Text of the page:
‘The danger in this film feels very tangible’

Sylvester Stallone as Joe Smith in Samaritan.Image Metro Goldwyn

Sylvester Stallone (76) is the first to admit that he is not the most versatile actor on the planet. Maybe because of criticism of the new movie samaritans – where his muscles again mainly push the plot forward – to be ahead he brings the subject up on the table during a press interview.

“I hate to say this, but in this business we become a kind of product or brand. There are actors with the unique gift of being able to effortlessly fit in and play anything. I am not. People always see me as Rocky, Rambo or maybe Demolition Man. And that’s just the way it is,’ it sounds resignedly rather than bitterly. “Why don’t I just take that baggage with me and wrap it up in a new story?”

beloved superhero

It is actually anything but innovative Samaritans, based on the cartoon series of the same name, will not go down in history as a classic. With a little imagination, it’s a fine metaphor for Stallone’s career. The title character was once a beloved superhero who faded into anonymity after yet another epic battle. As Joe Smith, he spends his days as a taciturn garbage man until he comes into contact with his clever neighbor and Samaritan admirer Sam. He knows who he really is.

The days of boxing hero Rocky and crazy Vietnam veteran Rambo, characters Stallone played over and over again in countless sequels and reboots—if necessary on his own initiative by taking the director’s chair himself—also appear to be over. He’s also nowhere near the star he used to be. But à la Samaritan: just when you think you’re done, you’re suddenly asked to roll up your sleeves one (?) time. As if it should be.

Testosterone from the ears

“It’s a new generation persuading him to get going again,” says Stallone—more frail but no less passionate. In the film this is the young Sam and in reality the director, in his forties Julius Avery. “I’ve directed a lot myself, and it feels like your spleen is being pulled out of your throat with a tractor. You get a hundred questions fired at you a day, it takes a toll on your privacy; It’s actually not a nice job. Then you get to a point where you no longer have that speed, while young filmmakers still have testosterone pouring out of their ears.”

There is something touching about seeing Stallone matted again, but this time aided by digital effects. ,,Look, I can no longer play the 29-year-old Rambo. There comes a time when you have to respect your own age. But this Joe, like me, still has a lot of physical strength. And I like that he can’t fly or shoot fire from his eyes. He is much more of the street.”

The danger is palpable

When the Marvel superhero series comes up, you’ll see him hesitate a few times. To or not to criticize the current blockbuster? “It’s incredible what they’re doing, but what I’m saying is that the danger in this movie feels very tangible. This isn’t set in another universe, it’s in our world. This man could die…”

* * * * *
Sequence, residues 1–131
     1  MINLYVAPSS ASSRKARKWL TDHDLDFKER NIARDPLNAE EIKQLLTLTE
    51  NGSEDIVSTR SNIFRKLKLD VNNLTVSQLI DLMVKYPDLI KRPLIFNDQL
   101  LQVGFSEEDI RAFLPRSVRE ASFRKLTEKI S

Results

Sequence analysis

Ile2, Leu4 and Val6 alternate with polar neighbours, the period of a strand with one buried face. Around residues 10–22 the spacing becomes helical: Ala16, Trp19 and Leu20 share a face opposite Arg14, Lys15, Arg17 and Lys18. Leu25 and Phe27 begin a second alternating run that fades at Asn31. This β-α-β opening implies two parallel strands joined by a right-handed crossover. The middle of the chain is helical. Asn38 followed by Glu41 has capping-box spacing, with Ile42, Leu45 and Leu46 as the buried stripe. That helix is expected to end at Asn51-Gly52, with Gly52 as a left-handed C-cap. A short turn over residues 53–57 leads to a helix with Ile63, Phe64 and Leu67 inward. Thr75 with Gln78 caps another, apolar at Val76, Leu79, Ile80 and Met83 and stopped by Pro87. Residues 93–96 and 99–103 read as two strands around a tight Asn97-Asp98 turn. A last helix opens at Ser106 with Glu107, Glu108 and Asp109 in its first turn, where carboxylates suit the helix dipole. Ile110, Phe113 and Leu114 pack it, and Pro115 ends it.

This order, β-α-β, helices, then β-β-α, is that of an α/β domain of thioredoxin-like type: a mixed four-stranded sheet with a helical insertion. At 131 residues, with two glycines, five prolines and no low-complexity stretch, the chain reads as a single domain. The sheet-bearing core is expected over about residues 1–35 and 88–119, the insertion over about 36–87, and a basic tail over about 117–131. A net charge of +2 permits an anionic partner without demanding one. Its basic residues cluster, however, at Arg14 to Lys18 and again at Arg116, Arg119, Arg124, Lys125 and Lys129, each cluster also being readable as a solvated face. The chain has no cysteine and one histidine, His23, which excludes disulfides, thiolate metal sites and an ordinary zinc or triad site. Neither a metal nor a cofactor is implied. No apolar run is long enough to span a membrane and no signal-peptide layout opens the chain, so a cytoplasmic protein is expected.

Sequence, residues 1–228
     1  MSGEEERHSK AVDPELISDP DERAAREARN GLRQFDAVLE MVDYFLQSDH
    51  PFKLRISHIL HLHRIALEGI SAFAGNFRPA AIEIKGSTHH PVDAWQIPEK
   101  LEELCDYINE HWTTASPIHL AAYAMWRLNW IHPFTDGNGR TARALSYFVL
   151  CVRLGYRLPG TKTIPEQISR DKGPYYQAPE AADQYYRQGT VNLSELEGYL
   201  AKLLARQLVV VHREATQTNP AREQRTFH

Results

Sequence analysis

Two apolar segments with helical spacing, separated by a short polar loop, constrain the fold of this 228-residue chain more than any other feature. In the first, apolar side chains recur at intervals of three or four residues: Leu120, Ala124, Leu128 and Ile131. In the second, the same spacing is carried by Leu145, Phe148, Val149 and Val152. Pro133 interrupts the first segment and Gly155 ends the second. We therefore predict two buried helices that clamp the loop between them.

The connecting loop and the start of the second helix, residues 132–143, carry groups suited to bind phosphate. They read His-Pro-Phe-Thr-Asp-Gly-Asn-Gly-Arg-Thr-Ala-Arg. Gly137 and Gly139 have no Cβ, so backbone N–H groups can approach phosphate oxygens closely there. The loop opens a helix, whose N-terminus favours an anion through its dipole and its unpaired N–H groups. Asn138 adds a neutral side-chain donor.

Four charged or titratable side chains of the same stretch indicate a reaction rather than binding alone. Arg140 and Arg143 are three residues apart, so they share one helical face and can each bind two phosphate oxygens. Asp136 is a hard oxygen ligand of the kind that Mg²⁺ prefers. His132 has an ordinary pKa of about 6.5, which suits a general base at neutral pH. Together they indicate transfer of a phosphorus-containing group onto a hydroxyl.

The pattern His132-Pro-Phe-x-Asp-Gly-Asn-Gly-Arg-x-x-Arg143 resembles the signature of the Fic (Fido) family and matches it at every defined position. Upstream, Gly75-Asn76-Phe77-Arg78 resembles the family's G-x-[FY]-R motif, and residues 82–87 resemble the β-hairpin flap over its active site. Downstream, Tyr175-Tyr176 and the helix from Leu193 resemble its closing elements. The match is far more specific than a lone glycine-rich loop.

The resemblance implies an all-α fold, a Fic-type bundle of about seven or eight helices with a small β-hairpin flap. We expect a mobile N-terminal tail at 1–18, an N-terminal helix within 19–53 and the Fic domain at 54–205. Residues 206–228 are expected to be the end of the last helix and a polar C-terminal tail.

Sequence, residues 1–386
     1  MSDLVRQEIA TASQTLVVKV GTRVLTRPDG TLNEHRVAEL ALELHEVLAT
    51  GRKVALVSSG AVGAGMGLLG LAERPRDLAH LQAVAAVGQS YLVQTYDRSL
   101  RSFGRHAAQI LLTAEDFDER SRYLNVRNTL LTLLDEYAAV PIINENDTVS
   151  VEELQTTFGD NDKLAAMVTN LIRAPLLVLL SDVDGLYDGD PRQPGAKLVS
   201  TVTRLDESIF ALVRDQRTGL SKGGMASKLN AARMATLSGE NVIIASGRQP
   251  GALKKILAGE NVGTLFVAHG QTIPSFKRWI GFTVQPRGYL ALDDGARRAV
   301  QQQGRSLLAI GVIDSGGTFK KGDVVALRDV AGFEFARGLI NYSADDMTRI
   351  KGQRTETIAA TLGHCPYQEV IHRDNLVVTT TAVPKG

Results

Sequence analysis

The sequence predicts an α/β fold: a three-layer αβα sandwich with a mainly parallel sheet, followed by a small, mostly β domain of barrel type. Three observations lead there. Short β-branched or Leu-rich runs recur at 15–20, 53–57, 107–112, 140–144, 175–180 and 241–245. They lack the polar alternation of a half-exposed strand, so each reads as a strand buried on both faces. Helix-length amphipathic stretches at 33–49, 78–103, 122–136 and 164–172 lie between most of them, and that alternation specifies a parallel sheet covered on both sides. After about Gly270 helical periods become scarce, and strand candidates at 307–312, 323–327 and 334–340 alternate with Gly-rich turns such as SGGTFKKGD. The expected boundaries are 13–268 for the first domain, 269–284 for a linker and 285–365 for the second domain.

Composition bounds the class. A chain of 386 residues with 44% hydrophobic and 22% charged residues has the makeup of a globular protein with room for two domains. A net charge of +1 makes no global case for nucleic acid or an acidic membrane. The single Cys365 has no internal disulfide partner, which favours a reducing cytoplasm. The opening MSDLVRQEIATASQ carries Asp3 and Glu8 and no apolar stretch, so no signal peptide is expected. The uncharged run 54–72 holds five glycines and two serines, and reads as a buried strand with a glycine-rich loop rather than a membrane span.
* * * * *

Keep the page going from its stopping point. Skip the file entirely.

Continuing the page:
“It’s also about redemption, one of my favorite themes. Everyone’s greatest fear is being alone and dying on this planet. There is no greater horror than that. This is also what Rocky struggles with. ‘What a stupid idea’, the products exclaimed at the time (mid-seventies), but it is actually very recognisable. How he fights his way out of this is going to affect people.”

“The action can be over the top, but you have to be able to identify with someone. Loneliness, sadness; I know what it’s like to be so fragile,” said the actor, who has seen multiple marriages fail both professionally and personally (he’s seen several marriages fail – his current wife just filed for divorce – and he lost his eldest son Sage (36) sudden heart failure) crawled out of deep valleys.

‘This could be a genre’

“When I started in Hollywood there were films with, for example, car chases and some fight scenes, but I quickly thought: this could be a whole genre. With a real action movie, you can turn off the sound and still know what it’s about. And everyone needs mythical figures. It fascinates me because it can be understood by any culture.”

And don’t come at Stallone with, “Oh, it’s just a fight movie.” “I’ve always loved show wrestling. Gravity is real, landing 135 pounds on you is real. I always let my three daughters watch it too. They’re morality tales, packaged as entertainment. The same goes for action movies. All fake? I had 31 operations, which is very real.”

But it’s still worth the effort, even if he feels compelled to slow down a bit. “I like trading better now than when I was 35. Then you think you already know everything. Well, you don’t know anything yet! The problem is, the older you are, the more cynical you can become. This film also shows that. No longer loving life, that’s the big danger. It’s important to connect with young people. They take some of your wisdom, you some of their energy.”

Samaritan has been on Amazon Prime Video since Friday, August 26.

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